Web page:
Meanwhile, I wanted to post this very powerful video that I saw via Jason's blog.

Yes, it's 12 minutes long. Stay for the entire show.


The Trevor Project


Kevin Smith, one of my favorite actor/directors, takes The Trevor Project center stage.



Whenever I make mixed CD's, I am cognizant of the BPM (beats per minute) of each song - and how each fits together. For years, I have been using my own tapping combined with a metronome.

Gotta love the internet: Today, I found a site dedicated to what I have been sweating over for years.

Now, when I want to make a 160+ BPM CD, I will easily know that this song...

and this song...

can be linked.

Sunday, October 10, 2010

Tourist In Your Own Town - 2010 (Preview)

This past weekend, Carlos and I had our Fourth Annual Tourist In Your Own Town weekend. I am working on a detailed post of our adventures. Coming very soon.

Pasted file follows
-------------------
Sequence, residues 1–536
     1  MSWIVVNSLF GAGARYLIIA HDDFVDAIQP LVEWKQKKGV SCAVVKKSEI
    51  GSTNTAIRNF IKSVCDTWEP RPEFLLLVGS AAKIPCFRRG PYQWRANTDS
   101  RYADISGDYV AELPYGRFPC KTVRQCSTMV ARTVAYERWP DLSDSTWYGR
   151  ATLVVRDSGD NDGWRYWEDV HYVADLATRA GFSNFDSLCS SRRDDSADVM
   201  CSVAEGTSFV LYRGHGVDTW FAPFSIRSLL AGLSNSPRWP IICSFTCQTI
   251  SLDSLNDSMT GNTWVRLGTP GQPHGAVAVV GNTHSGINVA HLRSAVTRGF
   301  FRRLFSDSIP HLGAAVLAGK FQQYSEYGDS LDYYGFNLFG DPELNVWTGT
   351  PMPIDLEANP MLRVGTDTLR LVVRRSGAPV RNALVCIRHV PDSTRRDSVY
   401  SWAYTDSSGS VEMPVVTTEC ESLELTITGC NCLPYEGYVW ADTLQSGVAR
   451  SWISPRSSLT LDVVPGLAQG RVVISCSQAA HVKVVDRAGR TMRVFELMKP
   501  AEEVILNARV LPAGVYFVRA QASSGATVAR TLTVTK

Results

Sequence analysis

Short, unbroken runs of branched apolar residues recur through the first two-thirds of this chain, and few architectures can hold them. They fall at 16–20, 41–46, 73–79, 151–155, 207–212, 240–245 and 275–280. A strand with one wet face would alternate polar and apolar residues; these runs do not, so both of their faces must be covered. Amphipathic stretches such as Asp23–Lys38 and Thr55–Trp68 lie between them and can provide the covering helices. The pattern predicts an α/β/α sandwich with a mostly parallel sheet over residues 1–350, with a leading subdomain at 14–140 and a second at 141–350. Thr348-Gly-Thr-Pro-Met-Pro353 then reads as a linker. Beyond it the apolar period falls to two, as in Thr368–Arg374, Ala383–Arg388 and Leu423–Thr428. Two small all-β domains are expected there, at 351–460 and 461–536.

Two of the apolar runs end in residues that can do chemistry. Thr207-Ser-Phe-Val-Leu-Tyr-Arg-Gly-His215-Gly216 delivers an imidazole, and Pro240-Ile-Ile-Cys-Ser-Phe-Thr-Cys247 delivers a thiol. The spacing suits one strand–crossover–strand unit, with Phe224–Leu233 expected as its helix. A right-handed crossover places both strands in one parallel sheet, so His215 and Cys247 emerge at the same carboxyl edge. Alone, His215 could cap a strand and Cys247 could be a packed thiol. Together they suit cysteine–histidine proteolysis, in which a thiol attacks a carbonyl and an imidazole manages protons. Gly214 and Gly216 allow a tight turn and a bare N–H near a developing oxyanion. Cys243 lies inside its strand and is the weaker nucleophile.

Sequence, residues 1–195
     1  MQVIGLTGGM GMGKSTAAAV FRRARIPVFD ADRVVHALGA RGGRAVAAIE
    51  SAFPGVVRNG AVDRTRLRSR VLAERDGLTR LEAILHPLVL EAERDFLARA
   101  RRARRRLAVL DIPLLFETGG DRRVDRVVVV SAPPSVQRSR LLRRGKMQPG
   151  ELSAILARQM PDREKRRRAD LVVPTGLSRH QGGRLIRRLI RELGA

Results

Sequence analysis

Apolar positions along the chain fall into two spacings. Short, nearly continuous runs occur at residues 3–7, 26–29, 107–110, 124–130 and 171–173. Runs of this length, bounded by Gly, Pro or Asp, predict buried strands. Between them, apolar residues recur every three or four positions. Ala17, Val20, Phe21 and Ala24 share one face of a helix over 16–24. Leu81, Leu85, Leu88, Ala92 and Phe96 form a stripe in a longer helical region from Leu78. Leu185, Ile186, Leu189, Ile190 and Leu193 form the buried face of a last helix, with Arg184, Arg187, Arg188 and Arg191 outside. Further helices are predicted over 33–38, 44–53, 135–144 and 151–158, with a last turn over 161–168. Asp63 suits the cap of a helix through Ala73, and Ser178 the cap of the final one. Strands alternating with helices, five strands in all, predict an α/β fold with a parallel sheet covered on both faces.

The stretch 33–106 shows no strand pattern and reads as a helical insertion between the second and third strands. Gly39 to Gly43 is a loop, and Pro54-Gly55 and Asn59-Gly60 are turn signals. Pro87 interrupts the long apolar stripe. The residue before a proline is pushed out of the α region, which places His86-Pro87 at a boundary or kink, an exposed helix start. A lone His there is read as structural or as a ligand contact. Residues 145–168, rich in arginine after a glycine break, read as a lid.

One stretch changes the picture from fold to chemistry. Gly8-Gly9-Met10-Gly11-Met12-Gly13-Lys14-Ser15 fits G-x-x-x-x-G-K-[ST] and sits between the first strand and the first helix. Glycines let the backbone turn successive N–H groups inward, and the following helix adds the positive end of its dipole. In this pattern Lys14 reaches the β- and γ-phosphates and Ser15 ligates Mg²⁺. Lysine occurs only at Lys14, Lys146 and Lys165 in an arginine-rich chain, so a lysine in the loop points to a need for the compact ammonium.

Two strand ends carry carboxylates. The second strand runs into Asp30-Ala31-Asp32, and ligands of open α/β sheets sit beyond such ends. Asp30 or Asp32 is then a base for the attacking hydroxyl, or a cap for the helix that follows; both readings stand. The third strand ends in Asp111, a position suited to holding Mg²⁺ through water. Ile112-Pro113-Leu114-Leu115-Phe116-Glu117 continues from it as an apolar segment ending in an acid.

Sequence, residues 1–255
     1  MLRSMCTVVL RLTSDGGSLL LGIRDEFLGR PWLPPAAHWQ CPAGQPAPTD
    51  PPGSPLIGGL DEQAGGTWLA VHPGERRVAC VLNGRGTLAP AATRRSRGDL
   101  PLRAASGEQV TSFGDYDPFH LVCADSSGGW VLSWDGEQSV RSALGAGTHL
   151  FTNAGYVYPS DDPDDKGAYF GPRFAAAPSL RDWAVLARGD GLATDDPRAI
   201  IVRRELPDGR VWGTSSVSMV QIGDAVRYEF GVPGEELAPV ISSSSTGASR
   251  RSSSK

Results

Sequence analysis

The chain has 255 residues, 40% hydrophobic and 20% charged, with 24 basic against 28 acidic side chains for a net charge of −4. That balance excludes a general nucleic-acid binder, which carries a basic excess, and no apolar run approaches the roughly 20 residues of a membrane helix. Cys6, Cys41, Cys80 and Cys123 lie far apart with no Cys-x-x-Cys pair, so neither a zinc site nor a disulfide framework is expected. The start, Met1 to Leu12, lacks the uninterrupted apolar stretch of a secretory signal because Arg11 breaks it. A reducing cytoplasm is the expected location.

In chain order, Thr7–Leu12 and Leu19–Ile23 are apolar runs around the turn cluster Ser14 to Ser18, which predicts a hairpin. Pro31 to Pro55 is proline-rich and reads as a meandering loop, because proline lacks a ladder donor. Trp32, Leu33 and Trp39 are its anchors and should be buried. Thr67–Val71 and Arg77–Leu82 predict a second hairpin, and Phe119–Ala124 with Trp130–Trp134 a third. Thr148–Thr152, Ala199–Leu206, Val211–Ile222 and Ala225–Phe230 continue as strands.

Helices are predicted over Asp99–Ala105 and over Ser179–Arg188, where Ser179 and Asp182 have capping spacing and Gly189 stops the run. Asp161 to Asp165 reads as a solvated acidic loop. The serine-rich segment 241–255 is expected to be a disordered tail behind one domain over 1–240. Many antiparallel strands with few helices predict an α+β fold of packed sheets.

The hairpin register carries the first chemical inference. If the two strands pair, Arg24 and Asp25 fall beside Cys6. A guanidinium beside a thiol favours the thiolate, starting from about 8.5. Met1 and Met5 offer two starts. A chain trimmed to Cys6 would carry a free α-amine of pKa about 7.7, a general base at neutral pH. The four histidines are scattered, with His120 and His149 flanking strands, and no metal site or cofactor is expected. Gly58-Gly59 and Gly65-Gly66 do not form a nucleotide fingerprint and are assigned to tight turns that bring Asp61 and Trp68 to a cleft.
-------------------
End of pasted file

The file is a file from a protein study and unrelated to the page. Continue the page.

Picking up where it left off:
Meanwhile, I wanted to post this one short piece of information. He and I saw a movie at the new, improved Canal Place Cinema, uh, The Theatres at Canal Place. Carlos recognized an actor eating at the lounge area while we were getting a drink at the bar. Neither of us could remember his name. I did manage to get a (blurry, bad angle) picture of him.

Does anyone recognize this actor?


Details on 2007 trip

Details on 2008 trip

Details on 2009 trip

New Gap Logo

A story from here:

Gap changed its logo today without fanfare or even so much as a press release. It just kind of showed up on their website, no method of warning considered.